–An abbreviated version of this post is cross-posted at Sociological Images
A Brazilian modeling agency, Star Models*, recently released a new series of anti-anorexia PSA advertisements that illustrate one of the ways ultra-thin body ideals characterizing women’s bodies in the fashion industry today are institutionalized. Fashion sketches anesthetize these bodies, with their exaggerated proportions, long slender limbs, and expressionless faces. The placement of real women alongside them, graphically altered to similar proportions, works to produce an understanding of eating disorders, body dissatisfaction, and beauty and body ideals as products of the cultures and industries in which they emerge.
Sociology professors are constantly asking students to analyze what they might be taking for granted. One issue we take for granted is that the images on the left are what “fashion” looks like and ought to look like. That they are culturally recognizable as fashion sketches speaks to the ways in which hyper-thin feminine bodies are institutionalized at a fundamental level in the fashion industry today.
The Dove Evolution video—as a part of their “Campaign for Real Beauty”—vividly illustrates the work that goes into the production of advertisements. Using a time-lapse video depicting the diverse labor that goes into the production of an ad was a simple illustration of the impossibility of contemporary beauty ideals. Viewers are left thinking, “Of course we can’t look like that. She doesn’t even look like that.”
Star Models’ anti-anorexia ads promote a similar message, but also call our attention to the more dangerous aspects of adherence to industry ideals. Similar to depictions of what Barbie might look like as a real woman, altered images of dangerously thin models aside these sketches have a very different feel from the sketches they imitate. While we have fashion for all sorts of shapes and sizes of women, these images are a provocative way of claiming that Fashion (with a capital “F”) is far less heterogeneous.
In 2007, the Council of Fashion Designers of America (CFDA) passed a Health Initiative in recognition of an increasingly global concern with the unhealthily thin bodies of models and whether/how to promote change in the industry. The CFDA is working to better educate those inside the industry to identify individuals at risk, to require models with eating disorders to seek help and acquire professional approval to continue working, to develop workshops promoting dialog on these issues, and more.
While addressing these issues is a significant step in a positive direction, it’s also true that the modeling industry is partially defined around an impossible ideal and skirts criticism precisely by framing the “beauty” they are looking for as difficult to define in any precise terms. In Ashley Mears’ ethnographic study of the modeling industry, Pricing Beauty: The Making of a Fashion Model, she puts it this way:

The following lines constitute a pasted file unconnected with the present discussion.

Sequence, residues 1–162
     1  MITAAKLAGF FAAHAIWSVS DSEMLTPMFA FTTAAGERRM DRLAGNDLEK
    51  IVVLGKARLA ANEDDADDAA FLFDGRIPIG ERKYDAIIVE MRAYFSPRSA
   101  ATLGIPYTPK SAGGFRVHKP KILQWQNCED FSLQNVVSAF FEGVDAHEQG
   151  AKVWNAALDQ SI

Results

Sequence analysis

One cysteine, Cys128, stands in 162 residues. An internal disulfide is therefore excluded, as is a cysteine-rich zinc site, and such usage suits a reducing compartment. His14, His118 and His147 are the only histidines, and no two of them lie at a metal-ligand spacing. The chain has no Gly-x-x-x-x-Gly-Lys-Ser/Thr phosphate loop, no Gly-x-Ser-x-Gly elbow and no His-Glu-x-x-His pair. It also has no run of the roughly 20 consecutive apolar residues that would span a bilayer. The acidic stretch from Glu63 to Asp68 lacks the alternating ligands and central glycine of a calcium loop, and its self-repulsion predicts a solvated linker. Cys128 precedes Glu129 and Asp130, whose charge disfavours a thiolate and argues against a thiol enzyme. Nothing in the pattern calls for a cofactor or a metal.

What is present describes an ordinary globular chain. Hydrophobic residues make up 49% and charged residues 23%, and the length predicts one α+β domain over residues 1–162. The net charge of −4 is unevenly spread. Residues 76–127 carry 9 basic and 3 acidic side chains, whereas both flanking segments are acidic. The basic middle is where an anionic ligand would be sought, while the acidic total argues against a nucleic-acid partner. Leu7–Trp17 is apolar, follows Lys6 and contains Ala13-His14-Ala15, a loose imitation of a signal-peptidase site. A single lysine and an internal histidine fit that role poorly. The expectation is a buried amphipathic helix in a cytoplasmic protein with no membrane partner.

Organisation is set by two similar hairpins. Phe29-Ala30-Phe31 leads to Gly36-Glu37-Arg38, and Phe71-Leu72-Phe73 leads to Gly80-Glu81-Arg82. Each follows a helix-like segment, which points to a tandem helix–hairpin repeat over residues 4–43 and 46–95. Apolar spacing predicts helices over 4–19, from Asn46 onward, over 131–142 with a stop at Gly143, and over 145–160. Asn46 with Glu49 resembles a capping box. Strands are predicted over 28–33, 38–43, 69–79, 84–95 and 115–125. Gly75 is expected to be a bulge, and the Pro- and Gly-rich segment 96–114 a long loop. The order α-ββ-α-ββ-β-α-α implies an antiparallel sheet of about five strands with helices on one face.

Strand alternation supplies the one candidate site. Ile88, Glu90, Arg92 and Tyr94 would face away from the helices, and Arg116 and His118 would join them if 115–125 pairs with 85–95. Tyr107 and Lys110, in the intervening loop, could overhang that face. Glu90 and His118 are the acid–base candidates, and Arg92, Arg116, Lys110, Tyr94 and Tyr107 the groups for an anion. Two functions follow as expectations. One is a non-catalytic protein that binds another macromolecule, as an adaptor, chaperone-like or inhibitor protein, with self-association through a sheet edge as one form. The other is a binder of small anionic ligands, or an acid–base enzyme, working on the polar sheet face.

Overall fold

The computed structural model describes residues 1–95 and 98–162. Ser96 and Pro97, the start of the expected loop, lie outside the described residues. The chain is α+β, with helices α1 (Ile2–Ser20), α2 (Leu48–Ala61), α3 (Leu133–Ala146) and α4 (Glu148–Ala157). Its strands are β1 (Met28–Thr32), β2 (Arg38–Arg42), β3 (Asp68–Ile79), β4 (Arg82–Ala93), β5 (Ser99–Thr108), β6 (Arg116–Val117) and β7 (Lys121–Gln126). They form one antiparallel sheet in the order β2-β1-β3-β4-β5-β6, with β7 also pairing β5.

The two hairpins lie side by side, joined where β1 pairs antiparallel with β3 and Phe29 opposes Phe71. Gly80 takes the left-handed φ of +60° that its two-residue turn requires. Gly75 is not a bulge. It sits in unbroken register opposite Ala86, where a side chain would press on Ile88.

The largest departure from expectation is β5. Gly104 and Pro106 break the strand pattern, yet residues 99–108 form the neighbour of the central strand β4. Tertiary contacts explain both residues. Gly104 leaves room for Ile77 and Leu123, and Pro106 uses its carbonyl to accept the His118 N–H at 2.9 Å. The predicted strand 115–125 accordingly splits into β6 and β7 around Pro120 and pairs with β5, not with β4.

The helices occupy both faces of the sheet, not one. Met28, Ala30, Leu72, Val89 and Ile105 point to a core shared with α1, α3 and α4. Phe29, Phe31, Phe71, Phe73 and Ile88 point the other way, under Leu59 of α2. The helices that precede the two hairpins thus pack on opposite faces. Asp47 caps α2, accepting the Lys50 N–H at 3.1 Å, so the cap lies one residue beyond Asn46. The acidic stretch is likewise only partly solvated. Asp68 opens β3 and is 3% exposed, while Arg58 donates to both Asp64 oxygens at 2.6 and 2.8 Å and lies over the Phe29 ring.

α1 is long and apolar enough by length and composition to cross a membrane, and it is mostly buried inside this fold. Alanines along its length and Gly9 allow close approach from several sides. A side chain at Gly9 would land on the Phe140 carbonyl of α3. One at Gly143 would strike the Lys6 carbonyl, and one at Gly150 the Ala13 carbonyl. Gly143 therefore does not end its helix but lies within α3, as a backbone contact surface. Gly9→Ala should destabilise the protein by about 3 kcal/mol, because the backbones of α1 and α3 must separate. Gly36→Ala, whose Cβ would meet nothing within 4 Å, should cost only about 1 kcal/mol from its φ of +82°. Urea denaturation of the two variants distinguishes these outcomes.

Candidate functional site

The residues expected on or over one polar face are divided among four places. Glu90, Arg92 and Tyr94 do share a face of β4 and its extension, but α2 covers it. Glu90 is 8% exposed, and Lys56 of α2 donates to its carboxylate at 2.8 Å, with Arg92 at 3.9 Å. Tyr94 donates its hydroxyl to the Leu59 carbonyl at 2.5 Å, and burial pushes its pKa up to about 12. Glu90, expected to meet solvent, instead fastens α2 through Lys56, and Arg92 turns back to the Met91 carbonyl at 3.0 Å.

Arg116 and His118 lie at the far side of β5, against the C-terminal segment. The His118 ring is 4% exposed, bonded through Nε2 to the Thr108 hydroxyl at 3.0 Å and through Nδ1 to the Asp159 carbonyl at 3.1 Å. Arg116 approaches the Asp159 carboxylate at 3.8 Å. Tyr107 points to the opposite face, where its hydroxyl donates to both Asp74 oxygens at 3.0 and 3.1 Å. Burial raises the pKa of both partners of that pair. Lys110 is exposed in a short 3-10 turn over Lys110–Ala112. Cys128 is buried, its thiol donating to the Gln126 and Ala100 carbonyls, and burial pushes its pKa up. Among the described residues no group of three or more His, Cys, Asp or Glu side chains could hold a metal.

There is little intrinsic value in a model’s physique that would set her apart from any number of other similarly built teens. When dealing with aesthetic goods such as “beauty” and “fashionability” we would be hard pressed to identify objective measures of worth inherent in the good itself. (here).
Thus, rather than looking for specific body types, models’ successes and failures are based off of what insiders call her “look.” Mears analyzes both what the modeling industry means by “look” and the consequences of relying on such an obscure quality. Her participants consistently define the “look” as much more than the set of physical attributes. Yet, the homogeneity of the physical attributes of women models is difficult to ignore. Crafting, selling, and capitalizing on a specific “look” in this industry is challenging for a number of reasons, not the least of which is the narrow range of “acceptable” bodies.
The CFDA’s Health Initiative treats eating disorders as an individual rather than social problem. This allows the CFDA to obscure the role it might play in perpetuating cultural desires for the very bodies it purports to “help” with the Health Initiative.
Susan Bordo famously wrote about anorexia as what she termed “the crystallization of culture.” We like to draw firm boundaries between normality and pathology. But Bordo suggests that anorexia is more profitably analyzed as culturally normative than as abnormal (here). Similarly, Star Models’ PSA images play a role in framing the fashion industry as (at least partially) responsible for ultra-thin feminine body ideals. Yet, the PSAs arguably falls short of providing institutional-level solutions as the tagline–“You are not a sketch. Say no to anorexia.”–concentrates on individuals.
The CFDA’s focus on health initiatives and support for individuals suffering from anorexia, bulimia and other eating disorders are critical aspects of recognizing issues that seem to plague the fashion industry. While this surely helps some individual women, the initiatives simultaneously avoid the cultural pressures (in which the fashion industry arguably plays a critical role) that work to systematically conflate feminine beauty with ultra-thin ideals. Similar to problems associated with focusing attention only on the survivors of sexual assaults (failing to recognize the ways that sexual violence is both institutionalized and embedded in our culture), these images simply illustrate that individual-level solutions are unlikely to produce change precisely because they fail to locate “the problem” and ignore the diverse social institutions and ideals that assist in its reproduction.
*The website for the Bahia agency site was not working at the time I wrote this post. So the link directs readers to the facebook page instead.
Thanks to a student in my Sociology of Gender course, Sandra Little, for bringing this campaign to my attention.